The opinion of the court was delivered by: Richard Mills, District Judge:
Are collateral attacks interposed against a foreign contempt
judgment and resulting sanctions, registered for enforcement in
this district pursuant to 28 U.S.C. § 1962, properly considered
by this Court?
In this case, absolutely not!
On August 26, 1982, Manville Corporation and certain
affiliated entities ("Manville") filed a petition for
reorganization under Chapter 11 of the United States Bankruptcy
Code in the United States Bankruptcy Court for the Southern
District of New York. On August 22, 1986, Manville proposed the
Second Amended and Restated Plan of Reorganization (the "Plan")
which created the Manville Personal Injury Settlement Trust
(the "Trust"). The Trust was created for the payment of all
asbestos related claims incurred by Manville.
Shortly after the Trust's establishment, it experienced
substantial asset shortages due to escalating litigation costs
including associated attorney's fees. On July 20, 1990, the
reference of the Manville bankruptcy to the Bankruptcy Court
for the Southern District of New York was partially withdrawn
pursuant to 28 U.S.C. § 157(d) and United States District Judge
Jack B. Weinstein, of the Eastern District of New York, was
granted supervisory responsibility over the Plan to protect the
Trust's assets and prevent further frustration of the Plan.
Soon thereafter, the district courts for the Eastern and
Southern Districts of New York, and the bankruptcy court for
the Southern District of New York (the "Courts"), entered a
temporary stay of payments from, and a stay on the
enforceability of, judgments and settlements against, the Trust
pending revision of its operations.
On November 19, 1990, certain claimants of the Trust filed in
the Courts a class action (the "Findley Class Action") against
the Trust's trustees to compel them to revise the Trust's
obligations and payment procedures. The Findley Class Action
was assigned to Judge Weinstein and was consolidated with the
bankruptcy proceedings before the Courts.
In an order issued on November 23, 1990, following a show
cause hearing, the Courts: (1) conditionally certified the
Findley Class Action and appointed representative counsel; and
(2) enjoined all pending litigation against the Trust to halt
further dissipation of the Trust's assets during the pendency
of the Findley Class Action. In subsequent contempt proceedings
against Attorney James Walker held before Judge Weinstein,
Walker was found to have received a copy of the Courts'
November 23, 1990 order enjoining actions against the Trust.
Attorney Walker does not contest this finding.
On June 14, 1990, the Illinois Circuit Court for McLean
County entered judgments
in favor of the Plaintiffs and against the Trust in Handley v.
Manville Corp. Asbestos Disease Compensation Fund, No. 80-L-93
(Ill.Cir.Ct., McLean Co.) and Betts v. Manville Corp. Asbestos
Disease Compensation Fund, No. 79-L-147 (Ill. Cir.Ct., McLean
Co.). Walker was the attorney for the claimants in both state
actions. On December 31, 1990, in violation of the Courts'
November 23 order enjoining all actions against the Trust,
Walker caused Citations to Discover Assets to be issued to
Bankers Trust Company ("Bankers Trust"), custodian of the
Trust's assets, in an effort to enforce the Betts and Handley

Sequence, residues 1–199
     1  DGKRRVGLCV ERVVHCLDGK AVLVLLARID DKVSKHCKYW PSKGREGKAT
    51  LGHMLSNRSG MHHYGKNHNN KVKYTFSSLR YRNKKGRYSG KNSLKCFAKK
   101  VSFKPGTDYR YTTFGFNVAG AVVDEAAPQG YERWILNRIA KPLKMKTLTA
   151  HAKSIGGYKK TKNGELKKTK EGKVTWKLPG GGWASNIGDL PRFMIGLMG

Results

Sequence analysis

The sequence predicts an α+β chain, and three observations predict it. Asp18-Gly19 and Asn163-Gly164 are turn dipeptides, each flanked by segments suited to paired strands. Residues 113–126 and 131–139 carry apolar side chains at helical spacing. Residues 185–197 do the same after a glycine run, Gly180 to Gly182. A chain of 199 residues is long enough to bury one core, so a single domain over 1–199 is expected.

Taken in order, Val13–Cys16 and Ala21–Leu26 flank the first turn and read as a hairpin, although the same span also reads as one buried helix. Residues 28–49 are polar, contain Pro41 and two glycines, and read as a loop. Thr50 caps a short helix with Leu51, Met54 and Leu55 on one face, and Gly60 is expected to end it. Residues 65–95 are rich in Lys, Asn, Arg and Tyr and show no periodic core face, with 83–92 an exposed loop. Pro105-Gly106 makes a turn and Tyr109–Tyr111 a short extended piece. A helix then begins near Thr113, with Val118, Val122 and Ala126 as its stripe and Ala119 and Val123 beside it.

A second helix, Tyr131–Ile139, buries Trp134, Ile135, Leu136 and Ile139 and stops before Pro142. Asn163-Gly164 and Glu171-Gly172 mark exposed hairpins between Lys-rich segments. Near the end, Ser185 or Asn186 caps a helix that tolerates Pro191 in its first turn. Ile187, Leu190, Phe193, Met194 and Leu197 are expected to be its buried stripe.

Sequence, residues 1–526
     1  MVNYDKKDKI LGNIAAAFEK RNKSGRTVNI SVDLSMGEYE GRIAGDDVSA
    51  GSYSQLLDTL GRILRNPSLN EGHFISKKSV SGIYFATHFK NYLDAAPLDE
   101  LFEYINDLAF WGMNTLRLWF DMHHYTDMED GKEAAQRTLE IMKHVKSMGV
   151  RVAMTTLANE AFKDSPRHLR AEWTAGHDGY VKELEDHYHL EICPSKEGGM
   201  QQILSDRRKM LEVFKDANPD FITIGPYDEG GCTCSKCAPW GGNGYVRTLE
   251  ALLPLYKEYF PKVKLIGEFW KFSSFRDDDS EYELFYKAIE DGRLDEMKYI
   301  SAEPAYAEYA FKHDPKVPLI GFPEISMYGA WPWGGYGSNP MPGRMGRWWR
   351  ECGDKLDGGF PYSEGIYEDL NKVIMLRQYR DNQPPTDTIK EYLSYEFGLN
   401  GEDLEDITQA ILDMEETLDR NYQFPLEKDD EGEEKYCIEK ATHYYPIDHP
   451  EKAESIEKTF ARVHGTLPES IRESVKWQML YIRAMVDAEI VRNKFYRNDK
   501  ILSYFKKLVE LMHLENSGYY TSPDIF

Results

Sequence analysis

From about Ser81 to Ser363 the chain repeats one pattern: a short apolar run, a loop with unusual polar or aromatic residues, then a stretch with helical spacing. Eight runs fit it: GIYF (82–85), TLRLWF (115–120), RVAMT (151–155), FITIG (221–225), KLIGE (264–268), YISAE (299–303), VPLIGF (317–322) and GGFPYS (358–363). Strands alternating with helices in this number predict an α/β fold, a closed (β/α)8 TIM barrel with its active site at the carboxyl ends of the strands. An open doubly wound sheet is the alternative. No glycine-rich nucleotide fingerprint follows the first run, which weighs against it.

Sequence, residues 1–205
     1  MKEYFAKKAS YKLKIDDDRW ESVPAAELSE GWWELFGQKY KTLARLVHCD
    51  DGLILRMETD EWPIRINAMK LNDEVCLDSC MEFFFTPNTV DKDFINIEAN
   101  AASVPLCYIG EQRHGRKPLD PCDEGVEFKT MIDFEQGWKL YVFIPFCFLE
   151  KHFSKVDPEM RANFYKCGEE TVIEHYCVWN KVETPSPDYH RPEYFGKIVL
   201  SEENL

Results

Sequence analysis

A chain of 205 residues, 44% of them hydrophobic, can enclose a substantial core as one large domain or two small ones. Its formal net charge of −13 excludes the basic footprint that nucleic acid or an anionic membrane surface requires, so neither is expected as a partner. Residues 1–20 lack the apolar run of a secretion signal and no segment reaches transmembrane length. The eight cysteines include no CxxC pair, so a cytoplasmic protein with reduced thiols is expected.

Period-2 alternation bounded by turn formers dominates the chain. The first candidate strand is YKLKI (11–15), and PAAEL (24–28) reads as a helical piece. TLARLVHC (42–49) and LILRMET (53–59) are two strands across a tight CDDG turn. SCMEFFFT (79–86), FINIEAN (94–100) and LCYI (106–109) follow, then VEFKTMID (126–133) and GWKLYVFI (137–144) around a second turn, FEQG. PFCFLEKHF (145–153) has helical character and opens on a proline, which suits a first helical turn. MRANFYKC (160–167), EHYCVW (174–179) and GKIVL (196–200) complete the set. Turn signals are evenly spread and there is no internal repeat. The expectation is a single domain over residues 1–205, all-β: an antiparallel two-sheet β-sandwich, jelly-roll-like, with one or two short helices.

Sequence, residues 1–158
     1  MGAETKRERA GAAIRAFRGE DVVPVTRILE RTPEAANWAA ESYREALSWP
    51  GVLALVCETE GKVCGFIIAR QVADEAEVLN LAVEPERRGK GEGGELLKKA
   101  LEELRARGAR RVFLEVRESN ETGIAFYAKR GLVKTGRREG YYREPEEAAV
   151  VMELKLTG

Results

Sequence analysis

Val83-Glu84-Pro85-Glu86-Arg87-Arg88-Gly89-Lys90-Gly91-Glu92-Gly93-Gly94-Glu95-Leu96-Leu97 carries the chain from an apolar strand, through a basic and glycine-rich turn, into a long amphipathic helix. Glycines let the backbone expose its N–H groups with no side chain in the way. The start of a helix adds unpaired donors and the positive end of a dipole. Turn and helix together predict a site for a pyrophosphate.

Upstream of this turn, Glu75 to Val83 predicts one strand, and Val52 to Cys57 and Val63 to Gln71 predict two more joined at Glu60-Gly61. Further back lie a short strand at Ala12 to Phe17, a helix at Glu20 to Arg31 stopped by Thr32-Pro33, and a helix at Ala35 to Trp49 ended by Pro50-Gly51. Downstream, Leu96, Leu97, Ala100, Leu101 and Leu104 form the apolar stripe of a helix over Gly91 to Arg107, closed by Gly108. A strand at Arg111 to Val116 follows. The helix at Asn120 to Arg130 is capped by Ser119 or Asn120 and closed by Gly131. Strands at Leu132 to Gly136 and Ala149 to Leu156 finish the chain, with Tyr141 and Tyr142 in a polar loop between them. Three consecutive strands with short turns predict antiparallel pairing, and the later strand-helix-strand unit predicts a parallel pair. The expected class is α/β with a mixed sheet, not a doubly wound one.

On February 13, 1991, the Courts entered an order and partial
judgment certifying a non-opt-out class pursuant to Federal
Rule of Civil Procedure 23(b)(1)(B) consisting of all trust
claimants. Pursuant to that order, the Courts stayed
"[e]xecution or other enforcement of judgments against the
Trust and/or its assets . . ." and "negotiating settlements or
from taking any action in connection with claims pending or
hereafter commenced against the Trust." In later contempt
proceedings against Walker, Judge Weinstein found that Walker
received notice of the Courts' order of February 13 and that he
knew it enjoined him from actions against the Trust. Again,
Walker does not contest that finding.
On February 25, 1991, in the Illinois Circuit Court for
McLean County, Walker obtained ex parte judgments against
Bankers Trust in the amount of $3,118,511.57. On March 27,
1991, Walker caused garnishment summons to issue to five
Chicago banks to enforce the Bankers Trust judgments.
On April 19, 1991, upon the Trust's and Bankers Trust's
application, the Courts entered an order directing Walker to
appear on April 23, 1991, and show cause why he should not be
held in contempt for his actions in violation of the Courts'
orders of November 23, 1990 and February 13, 1991. Walker was
served by both facsimile transmission and personal service on
April 19, 1991. Following Walker's failure to appear, Judge
Weinstein found Walker in civil contempt on April 24, 1991. In
its order of contempt, the Courts referred to United States
Magistrate Judge John L. Caden the issue of appropriate
On May 13, 1991, Magistrate Judge Caden awarded to the Trust
$52,085.30 in attorneys' fees and expenses associated with
Walker's contemptuous behavior. On June 10, 1991, Magistrate
Judge Caden assessed against Walker an additional $7,000 in
sanctions and $22,569.71 in attorneys' fees and expenses. Both
awards included the calculation of interest thereon at a rate
of 6.07 and 6.09 percent respectively.
On October 21, 1991, the judgment entered against Walker was
registered in this district pursuant to 28 U.S.C. § 1963. On
that same day, a Citation to Discover Assets issued against
Walker upon the application of the Trust. On November 18, 1991,
Walker filed with this Court a motion for an order quashing the
Citation to Discover Assets, for a dismissal of the
supplementary proceedings and for a determination that the
registered judgment is ...